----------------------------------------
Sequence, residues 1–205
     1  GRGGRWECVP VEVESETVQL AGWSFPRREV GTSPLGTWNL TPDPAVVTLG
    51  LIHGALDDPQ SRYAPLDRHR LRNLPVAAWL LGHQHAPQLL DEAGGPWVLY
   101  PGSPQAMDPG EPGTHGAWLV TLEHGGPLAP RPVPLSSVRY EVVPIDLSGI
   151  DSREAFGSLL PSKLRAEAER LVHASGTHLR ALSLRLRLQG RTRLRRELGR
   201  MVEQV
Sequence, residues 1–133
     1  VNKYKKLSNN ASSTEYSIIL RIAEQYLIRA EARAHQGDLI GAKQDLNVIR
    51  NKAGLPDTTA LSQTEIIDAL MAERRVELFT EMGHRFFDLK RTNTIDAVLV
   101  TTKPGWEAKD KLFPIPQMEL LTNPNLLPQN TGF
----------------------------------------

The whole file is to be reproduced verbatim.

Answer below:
Sequence, residues 1–205
     1  GRGGRWECVP VEVESETVQL AGWSFPRREV GTSPLGTWNL TPDPAVVTLG
    51  LIHGALDDPQ SRYAPLDRHR LRNLPVAAWL LGHQHAPQLL DEAGGPWVLY
   101  PGSPQAMDPG EPGTHGAWLV TLEHGGPLAP RPVPLSSVRY EVVPIDLSGI
   151  DSREAFGSLL PSKLRAEAER LVHASGTHLR ALSLRLRLQG RTRLRRELGR
   201  MVEQV
Sequence, residues 1–133
     1  VNKYKKLSNN ASSTEYSIIL RIAEQYLIRA EARAHQGDLI GAKQDLNVIR
    51  NKAGLPDTTA LSQTEIIDAL MAERRVELFT EMGHRFFDLK RTNTIDAVLV
   101  TTKPGWEAKD KLFPIPQMEL LTNPNLLPQN TGF